From now on, on the provision of information, as well as on the increase in the number of foreign languages used in printed matters and spreading them at convenient places for foreign residents, it is necessary to create an environment which makes foreign residents’ daily lives easier such as promoting the usage of foreign language signs at main public facilities, terminals and on our highways and roads.
Also, as well as further publicity of the Osaka Information Service for Foreign Residents and diversification of consultation subjects, for other consultation services, it is required to enhance ties to the foreign community to organize multilingual consultations.
(3) Fields related to medical, public health and welfare
In order for foreign residents to enjoy a healthy life without anxiety, it is required to create an environment that allows them to partake of medical, public health and welfare services easily.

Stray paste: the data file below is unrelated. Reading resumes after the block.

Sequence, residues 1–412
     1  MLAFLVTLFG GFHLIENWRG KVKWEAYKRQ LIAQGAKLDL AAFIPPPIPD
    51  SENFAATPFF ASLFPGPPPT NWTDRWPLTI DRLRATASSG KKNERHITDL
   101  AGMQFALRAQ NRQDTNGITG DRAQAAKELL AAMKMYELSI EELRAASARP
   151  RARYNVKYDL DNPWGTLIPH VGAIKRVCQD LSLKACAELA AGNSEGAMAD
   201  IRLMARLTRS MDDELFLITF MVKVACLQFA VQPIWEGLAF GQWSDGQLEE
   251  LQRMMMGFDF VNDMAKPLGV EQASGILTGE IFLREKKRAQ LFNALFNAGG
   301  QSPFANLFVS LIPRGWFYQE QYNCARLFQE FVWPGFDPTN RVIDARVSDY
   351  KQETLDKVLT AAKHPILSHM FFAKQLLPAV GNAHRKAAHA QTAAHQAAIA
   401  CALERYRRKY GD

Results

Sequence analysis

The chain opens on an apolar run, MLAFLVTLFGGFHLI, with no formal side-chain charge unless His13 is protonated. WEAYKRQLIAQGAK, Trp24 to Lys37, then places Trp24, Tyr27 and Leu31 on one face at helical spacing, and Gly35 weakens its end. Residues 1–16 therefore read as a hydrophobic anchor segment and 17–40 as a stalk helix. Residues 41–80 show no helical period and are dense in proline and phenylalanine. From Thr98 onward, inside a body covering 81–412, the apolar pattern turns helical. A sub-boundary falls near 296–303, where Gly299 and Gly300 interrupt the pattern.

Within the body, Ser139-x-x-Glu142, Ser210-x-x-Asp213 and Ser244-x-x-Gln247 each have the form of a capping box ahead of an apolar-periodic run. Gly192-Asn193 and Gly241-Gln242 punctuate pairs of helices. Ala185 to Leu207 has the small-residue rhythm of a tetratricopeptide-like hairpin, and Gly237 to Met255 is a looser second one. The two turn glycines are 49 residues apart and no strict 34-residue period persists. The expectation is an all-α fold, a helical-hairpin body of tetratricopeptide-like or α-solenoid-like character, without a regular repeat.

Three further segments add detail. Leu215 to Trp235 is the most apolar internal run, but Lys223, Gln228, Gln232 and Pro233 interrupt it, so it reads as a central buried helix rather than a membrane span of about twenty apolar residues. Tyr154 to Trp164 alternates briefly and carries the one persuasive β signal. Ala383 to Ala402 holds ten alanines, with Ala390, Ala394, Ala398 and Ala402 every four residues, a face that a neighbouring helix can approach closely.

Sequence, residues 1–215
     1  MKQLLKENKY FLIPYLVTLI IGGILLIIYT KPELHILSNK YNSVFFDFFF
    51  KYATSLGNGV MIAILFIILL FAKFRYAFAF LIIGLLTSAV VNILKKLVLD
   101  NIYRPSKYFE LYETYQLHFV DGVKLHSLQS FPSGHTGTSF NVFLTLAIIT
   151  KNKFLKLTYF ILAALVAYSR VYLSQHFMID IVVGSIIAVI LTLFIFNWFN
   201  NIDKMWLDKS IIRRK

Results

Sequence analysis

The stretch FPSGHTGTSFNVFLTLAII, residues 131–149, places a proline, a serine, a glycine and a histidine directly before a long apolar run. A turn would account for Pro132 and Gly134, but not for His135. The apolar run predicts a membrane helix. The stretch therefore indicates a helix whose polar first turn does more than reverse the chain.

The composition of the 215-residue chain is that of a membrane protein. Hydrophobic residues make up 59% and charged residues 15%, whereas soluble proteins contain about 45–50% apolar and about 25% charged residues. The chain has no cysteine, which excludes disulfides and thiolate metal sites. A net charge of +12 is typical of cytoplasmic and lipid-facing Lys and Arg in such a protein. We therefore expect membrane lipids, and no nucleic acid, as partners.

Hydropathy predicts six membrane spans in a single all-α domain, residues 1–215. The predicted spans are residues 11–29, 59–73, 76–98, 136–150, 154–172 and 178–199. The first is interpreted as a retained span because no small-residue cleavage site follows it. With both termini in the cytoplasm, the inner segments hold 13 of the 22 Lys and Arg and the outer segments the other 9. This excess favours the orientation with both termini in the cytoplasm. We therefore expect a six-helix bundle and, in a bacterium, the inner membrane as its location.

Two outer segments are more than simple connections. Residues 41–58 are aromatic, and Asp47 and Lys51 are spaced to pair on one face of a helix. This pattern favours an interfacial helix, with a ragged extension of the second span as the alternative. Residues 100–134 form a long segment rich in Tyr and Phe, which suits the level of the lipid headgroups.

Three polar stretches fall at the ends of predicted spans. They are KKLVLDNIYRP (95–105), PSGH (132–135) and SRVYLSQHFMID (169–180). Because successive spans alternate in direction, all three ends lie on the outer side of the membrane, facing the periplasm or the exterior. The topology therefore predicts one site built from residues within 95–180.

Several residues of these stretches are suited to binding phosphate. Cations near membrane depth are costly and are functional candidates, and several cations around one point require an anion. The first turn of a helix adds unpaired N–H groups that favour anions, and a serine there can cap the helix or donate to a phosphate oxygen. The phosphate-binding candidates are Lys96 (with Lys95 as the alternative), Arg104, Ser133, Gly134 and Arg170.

Especially, when they become ill, some foreign residents may not know which medical institutions they should seek care at, so the provision of detailed information on medical and healthcare services in several foreign languages is essential.
From this point of view, Osaka prefecture provides listing information on medical institutions and medical consultation services where foreign languages are available in multilingual guidebooks and English websites. In addition, Osaka Prefecture endeavors to offer multilingual healthcare information on the prevention of various contagious diseases.